We Need to Call Russia's Treatment of Their Young Skaters What It Is — Child Abuse
Ever since I was a child I loved watching figure skating. As a ballerina, to me it was like ballet on ice, which seemed even cooler… pun not intended.
This year as the Winter Olympics came closer, I once again looked forward to watching the athleticism and artistry unfold like magic in front of my eyes. And at first I was not disappointed. The second Kamila Valieva of the Russian team landed her first quad, I was gobsmacked. This young athlete was the whole package… strong, flexible, emotive, beautiful.
A couple of days later we found out that Valieva tested positive for banned substances. All of a sudden, her performance was not only shrouded in doubt — how much of her performance was her natural ability and hard work? How much added endurance did the banned substances give her? — there was serious debate as to whether or not she’d be allowed to skate in the Women’s event. The International Olympic Committee (IOC) decided that due to her age and several other factors, she would be given the green light to compete. However, if she placed and medaled, there would not be an award ceremony. This decision not only infuriated the other athletes in the event, but it caused a broader discussion about a double standard regarding anti-doping policy at the Olympics at large.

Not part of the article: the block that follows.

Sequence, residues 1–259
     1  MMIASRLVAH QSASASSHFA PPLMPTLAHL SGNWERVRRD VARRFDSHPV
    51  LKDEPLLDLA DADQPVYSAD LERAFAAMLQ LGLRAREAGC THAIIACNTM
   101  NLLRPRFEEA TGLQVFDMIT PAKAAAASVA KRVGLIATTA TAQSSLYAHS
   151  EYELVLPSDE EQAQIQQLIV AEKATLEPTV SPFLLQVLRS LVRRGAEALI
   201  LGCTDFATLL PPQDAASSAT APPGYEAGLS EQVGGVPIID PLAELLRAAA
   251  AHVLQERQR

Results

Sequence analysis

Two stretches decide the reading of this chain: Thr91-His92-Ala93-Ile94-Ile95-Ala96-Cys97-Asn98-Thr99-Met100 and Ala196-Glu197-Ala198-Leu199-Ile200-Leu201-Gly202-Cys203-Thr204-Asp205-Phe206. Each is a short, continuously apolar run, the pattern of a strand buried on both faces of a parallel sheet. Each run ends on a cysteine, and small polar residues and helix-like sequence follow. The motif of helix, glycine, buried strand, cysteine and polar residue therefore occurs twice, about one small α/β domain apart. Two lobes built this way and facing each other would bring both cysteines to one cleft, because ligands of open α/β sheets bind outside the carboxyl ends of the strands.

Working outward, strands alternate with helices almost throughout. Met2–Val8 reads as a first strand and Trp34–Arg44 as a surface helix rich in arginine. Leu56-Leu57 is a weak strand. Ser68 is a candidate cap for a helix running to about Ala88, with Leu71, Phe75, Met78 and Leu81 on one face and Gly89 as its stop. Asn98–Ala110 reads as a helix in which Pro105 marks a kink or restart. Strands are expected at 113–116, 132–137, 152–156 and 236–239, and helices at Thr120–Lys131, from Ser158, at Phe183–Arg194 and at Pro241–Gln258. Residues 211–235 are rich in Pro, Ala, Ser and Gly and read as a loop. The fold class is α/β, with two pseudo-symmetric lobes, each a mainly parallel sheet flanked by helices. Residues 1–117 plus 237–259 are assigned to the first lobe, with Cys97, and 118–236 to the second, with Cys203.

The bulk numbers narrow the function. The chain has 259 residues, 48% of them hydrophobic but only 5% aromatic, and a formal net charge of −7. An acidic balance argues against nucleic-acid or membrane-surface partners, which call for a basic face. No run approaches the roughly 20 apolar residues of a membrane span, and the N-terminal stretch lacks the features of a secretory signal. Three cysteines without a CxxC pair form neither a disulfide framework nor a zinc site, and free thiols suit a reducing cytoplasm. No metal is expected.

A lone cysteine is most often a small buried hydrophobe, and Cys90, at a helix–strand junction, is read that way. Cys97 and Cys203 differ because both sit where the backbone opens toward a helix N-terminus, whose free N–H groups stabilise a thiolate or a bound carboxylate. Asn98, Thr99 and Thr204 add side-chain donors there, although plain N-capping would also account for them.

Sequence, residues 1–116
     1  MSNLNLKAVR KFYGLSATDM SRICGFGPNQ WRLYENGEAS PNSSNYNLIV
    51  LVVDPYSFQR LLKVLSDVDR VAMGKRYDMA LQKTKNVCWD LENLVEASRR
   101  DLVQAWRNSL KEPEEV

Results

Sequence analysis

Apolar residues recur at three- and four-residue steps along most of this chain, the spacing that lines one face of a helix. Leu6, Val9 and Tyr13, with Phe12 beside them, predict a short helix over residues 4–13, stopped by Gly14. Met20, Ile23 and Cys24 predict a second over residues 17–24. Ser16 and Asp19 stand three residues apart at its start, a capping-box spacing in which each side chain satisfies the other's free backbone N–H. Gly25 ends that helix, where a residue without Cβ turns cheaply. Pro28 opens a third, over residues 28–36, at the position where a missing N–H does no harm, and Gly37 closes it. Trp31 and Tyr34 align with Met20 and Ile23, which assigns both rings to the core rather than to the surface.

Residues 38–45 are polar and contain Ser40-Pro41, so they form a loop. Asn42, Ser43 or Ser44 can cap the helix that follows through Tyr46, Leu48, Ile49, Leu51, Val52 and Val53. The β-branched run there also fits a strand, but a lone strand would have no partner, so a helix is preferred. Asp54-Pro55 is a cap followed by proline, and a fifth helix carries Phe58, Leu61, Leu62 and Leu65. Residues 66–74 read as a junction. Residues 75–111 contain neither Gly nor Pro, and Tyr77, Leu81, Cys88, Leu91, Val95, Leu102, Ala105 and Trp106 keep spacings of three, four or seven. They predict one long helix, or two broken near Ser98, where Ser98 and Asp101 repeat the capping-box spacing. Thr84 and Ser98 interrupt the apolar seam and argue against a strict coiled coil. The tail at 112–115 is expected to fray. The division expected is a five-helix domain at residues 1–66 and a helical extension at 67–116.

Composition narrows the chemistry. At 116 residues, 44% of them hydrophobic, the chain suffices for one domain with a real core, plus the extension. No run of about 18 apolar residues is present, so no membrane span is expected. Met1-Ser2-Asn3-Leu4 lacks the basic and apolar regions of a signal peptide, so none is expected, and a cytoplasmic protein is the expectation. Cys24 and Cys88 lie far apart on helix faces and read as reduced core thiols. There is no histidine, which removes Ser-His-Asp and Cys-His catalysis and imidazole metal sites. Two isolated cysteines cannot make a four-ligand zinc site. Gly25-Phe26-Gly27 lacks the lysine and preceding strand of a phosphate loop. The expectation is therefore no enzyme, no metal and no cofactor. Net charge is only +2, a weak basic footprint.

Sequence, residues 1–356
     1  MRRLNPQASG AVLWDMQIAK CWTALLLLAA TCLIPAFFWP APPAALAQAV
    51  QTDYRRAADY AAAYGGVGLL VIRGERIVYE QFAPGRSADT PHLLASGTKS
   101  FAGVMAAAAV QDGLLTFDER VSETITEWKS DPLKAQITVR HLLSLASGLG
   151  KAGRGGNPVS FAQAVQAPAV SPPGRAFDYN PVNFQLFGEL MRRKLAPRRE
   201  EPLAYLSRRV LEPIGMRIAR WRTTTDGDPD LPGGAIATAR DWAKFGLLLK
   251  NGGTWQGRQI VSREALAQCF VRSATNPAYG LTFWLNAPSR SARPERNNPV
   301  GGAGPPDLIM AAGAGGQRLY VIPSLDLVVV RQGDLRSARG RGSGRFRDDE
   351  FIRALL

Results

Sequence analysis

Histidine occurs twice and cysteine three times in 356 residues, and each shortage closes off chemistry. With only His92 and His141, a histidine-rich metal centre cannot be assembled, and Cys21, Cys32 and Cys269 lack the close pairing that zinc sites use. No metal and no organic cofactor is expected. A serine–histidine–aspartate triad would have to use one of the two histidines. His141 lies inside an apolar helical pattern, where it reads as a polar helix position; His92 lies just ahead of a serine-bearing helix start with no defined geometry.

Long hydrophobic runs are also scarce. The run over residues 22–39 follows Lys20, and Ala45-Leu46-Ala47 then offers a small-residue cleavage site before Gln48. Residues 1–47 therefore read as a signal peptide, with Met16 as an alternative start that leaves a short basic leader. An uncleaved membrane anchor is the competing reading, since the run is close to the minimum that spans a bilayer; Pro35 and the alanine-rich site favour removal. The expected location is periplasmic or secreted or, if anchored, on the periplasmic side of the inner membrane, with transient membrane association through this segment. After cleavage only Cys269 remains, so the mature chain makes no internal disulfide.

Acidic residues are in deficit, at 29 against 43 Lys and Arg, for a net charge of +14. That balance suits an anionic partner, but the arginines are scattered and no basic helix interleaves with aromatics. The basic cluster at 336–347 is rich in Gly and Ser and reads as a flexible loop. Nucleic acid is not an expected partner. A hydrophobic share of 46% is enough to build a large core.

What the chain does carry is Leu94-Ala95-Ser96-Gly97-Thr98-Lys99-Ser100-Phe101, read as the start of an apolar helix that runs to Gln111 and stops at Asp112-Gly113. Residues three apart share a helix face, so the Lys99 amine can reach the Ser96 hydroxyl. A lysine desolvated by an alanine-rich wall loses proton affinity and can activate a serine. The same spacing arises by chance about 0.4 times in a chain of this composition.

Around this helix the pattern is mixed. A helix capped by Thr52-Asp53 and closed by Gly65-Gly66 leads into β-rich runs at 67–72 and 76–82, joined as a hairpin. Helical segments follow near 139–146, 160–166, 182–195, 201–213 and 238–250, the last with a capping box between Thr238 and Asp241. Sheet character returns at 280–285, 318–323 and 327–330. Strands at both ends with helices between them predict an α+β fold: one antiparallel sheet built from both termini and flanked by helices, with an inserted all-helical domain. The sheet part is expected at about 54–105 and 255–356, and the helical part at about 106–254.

To say that the pressure was high to begin with when the Women’s event kicked off would be an understatement. During the short program, commentators Johnny Weir and Tara Lipinski openly expressed their disdain regarding the decision to let her skate, saying it was a slap in the face to every other skater and would leave a permanent scar on the sport. They were also grappling with the fact that this was a 15-year-old child we were watching, a child who for all intents and purposes was being abused.
An article from Slate outlines what is already known about about the coach of the Russian team, Eteri Tutberidze: